Secondly, and more importantly, you need to know how many paragraphs you’re going to have, and what you’re going to put in each one. Remember that this is part of planning. We still haven’t even written one word yet!
Again, you could do this planning in your head, or you could make notes on paper, or you could write a more detailed plan. That depends on you, how much time you have, and what you want to write.
But, the important point is: when you start writing, you’ll know exactly what you want to say. You won’t be thinking: “What should I put in this paragraph?” “How many more paragraphs do I need to write?” You’ll know the answers already, and this will make it much easier to actually write the thing.
OK, so now you’re ready to start writing! What next?
4. Cut Empty Words and Sentences
There’s a simple rule you can use to make your English writing better and clearer: write as little as possible.
Let’s look at some examples:
First, don’t use two words if you can use one. Don’t use three words if you can use two, and so on. For example:
Don’t say very tired, say exhausted. Very is generally a weak word and should be avoided. The same goes for similar words like really, absolutely and so on. They don’t add anything to your ideas.
Don’t say as a result if you can say consequently. Don’t say on the other hand if you can say however or nevertheless. Use fewer words!
Don’t say this will get better in the future, say this will improve in the future. Don’t say she gave me a lot of help, say she helped me a lot, or even better she helped me greatly. You could also consider cutting greatly. Use one-word verbs if possible.
Don’t say maybe this will solve the problem, either say this will solve the problem, or don’t say it at all. Words like maybe or perhaps are rarely necessary. If you’re not sure about something, why are you including it?
Don’t say we need to find someone who can teach our son, say we need to find a teacher for our son. Cut unnecessary words and use fewer words wherever possible.
You can also look at sentences. Especially in essays, many people include empty sentences like:
There are many advantages and disadvantages to this.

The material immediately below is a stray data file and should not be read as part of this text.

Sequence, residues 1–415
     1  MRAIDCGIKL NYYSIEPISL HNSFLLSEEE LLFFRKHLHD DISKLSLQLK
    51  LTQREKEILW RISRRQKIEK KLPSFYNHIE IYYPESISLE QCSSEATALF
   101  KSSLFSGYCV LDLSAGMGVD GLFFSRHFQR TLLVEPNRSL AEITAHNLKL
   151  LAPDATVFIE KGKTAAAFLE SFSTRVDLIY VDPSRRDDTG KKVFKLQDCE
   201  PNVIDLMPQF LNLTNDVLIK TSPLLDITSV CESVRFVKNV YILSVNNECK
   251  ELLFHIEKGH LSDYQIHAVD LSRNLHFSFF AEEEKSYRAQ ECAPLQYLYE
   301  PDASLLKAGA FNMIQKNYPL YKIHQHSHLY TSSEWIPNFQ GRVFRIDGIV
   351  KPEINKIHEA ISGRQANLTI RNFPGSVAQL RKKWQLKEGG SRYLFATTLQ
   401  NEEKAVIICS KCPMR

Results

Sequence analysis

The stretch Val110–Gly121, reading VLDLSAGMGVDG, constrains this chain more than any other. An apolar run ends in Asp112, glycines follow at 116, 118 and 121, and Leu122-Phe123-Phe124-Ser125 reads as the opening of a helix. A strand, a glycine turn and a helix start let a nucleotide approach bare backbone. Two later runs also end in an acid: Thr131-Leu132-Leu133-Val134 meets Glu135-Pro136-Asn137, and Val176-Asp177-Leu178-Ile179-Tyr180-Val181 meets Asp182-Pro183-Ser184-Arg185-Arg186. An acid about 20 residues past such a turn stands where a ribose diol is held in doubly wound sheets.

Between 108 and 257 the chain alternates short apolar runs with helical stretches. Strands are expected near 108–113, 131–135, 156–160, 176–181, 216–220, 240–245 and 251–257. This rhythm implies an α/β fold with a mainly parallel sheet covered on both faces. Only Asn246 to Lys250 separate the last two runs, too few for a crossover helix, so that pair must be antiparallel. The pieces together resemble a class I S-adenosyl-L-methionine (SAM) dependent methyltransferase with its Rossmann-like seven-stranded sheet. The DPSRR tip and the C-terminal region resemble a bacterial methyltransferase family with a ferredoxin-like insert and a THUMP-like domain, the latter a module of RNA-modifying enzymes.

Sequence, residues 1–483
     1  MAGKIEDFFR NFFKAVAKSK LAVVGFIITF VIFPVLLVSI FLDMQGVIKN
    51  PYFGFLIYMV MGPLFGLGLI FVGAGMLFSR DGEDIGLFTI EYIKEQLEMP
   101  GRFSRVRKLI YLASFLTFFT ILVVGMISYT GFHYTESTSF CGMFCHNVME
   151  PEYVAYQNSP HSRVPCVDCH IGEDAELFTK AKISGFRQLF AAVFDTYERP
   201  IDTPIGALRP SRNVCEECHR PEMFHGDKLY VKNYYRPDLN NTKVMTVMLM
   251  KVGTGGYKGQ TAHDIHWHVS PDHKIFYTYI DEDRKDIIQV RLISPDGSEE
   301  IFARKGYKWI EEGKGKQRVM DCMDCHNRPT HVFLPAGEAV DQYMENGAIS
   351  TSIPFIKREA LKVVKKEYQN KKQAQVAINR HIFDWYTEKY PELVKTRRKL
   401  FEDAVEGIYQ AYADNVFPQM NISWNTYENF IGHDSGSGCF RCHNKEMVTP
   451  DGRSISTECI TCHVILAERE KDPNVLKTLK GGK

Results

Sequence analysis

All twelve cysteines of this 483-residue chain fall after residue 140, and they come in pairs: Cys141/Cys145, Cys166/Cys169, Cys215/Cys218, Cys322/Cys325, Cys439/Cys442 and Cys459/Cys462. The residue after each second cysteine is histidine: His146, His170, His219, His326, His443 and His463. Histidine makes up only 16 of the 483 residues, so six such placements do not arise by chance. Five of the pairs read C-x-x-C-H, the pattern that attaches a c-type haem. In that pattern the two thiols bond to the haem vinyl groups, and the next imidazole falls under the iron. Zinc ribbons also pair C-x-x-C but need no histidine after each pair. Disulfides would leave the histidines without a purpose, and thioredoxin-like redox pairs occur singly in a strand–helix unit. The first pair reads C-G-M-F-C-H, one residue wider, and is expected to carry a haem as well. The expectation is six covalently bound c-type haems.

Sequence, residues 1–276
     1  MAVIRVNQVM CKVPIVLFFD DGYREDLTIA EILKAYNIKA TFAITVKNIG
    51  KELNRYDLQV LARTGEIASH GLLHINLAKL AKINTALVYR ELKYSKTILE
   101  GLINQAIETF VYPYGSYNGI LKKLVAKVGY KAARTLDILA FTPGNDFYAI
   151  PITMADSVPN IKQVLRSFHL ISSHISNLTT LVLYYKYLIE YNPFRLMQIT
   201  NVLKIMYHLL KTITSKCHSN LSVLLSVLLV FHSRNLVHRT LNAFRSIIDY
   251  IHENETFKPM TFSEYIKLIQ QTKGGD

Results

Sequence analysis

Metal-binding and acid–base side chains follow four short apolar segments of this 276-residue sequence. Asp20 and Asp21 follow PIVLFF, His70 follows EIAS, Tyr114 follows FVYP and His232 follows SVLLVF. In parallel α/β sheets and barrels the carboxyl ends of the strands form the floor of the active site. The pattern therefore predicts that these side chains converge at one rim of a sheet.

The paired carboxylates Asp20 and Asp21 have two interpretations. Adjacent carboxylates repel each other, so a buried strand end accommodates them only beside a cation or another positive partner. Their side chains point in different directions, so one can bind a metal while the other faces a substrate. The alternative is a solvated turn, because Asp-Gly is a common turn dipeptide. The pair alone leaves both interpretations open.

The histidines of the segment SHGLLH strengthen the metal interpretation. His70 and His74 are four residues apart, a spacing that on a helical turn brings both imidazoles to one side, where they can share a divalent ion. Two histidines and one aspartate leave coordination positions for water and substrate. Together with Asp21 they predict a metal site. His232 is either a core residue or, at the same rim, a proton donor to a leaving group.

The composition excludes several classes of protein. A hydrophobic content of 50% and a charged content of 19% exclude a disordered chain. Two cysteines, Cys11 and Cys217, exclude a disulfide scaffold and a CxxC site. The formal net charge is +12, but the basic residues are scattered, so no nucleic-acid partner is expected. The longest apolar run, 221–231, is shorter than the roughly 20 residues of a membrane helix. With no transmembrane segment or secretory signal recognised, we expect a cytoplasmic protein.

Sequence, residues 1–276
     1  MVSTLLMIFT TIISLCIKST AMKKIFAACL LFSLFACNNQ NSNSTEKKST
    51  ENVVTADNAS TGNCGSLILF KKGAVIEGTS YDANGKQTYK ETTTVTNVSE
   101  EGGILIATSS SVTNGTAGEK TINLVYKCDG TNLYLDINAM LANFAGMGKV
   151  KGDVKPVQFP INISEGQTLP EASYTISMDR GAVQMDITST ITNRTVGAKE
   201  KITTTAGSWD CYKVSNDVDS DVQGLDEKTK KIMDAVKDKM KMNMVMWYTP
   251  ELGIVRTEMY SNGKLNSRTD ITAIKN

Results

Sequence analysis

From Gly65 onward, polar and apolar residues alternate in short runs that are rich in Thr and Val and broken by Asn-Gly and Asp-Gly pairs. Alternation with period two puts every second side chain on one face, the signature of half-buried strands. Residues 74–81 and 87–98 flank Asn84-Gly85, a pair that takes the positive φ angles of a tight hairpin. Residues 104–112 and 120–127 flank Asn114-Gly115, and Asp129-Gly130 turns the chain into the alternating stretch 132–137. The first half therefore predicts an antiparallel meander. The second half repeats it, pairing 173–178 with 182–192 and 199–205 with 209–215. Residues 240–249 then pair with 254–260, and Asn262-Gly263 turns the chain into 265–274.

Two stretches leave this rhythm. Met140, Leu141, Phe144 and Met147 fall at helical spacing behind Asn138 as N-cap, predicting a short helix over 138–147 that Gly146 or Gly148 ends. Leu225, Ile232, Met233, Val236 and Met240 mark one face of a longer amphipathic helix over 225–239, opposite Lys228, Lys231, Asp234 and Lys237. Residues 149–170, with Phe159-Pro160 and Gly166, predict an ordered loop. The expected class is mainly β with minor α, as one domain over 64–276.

Of course, there are two sides to this issue.
In this essay, I will consider all the ideas relevant to this point.
What do these sentences tell you? Do they give you any useful information? No, and so they should be cut.
Why is this important?
Using fewer words and sentences will make your writing clearer and easier to read. It will also help you focus on what you want to say.
For each word or sentence you write, try to think: what does this add? What does this give my reader? Could it be made shorter? Shorten or remove anything which you can.
It’s not easy to write in this way. You shouldn’t expect to be able to do it immediately after watching this video. Even in this script, there are probably many words and sentences where I could use my own advice!
However, you can try thinking about it the next time you write something in English. Over time, you can learn the habit of avoiding empty words and sentences. Your writing will be much better if you do!
Next, let’s look at some more advice to make your writing clearer.
5. Use Short, Simple Sentences Where Possible
Shorter sentences are easier to read. That’s not my opinion; it’s a fact with a lot of research supporting it—the longer a sentence becomes, the harder it is to read and understand.
Also, if you’re a non-native English speaker, writing longer, more complex sentences is especially difficult. If you try to write longer sentences, there’s a higher chance of making grammar errors which can make your sentence difficult to understand.
How long is too long? Around 10 words is a good target length. Between 10 and 20 words is OK. Longer than 20 words is dangerous—there’s a high chance your sentence will become unclear and difficult to read.
So how can you do this?
Firstly, use what we talked about before: using fewer words will make your sentences shorter and tighter.
Here are some other rules you can use to keep your sentences short and simple:
Don’t use the passive unless you have a good reason to. Passive sentences are always more complex. Using the passive is fine, but you should know why you’re using it.
Start your sentences with the subject wherever possible.
Use relative clauses (with which, who, that etc.) only if you have to.
When you use a conjunction like and, but, or etc., ask yourself: are these ideas really closely connected? Do they need to go in the same sentence? If not, break your sentence into two shorter ones.
To be clear, long sentences are not bad. Good writers can write long sentences which are clear, focused and elegant. If you’re writing about a complex topic, you might need to use longer, complex sentences to express yourself clearly.
The point is that you should only use a longer, more complex sentence if it’s necessary. If you can express the same idea in a shorter, simpler way, then you should.
Let’s review what we’ve talked about today: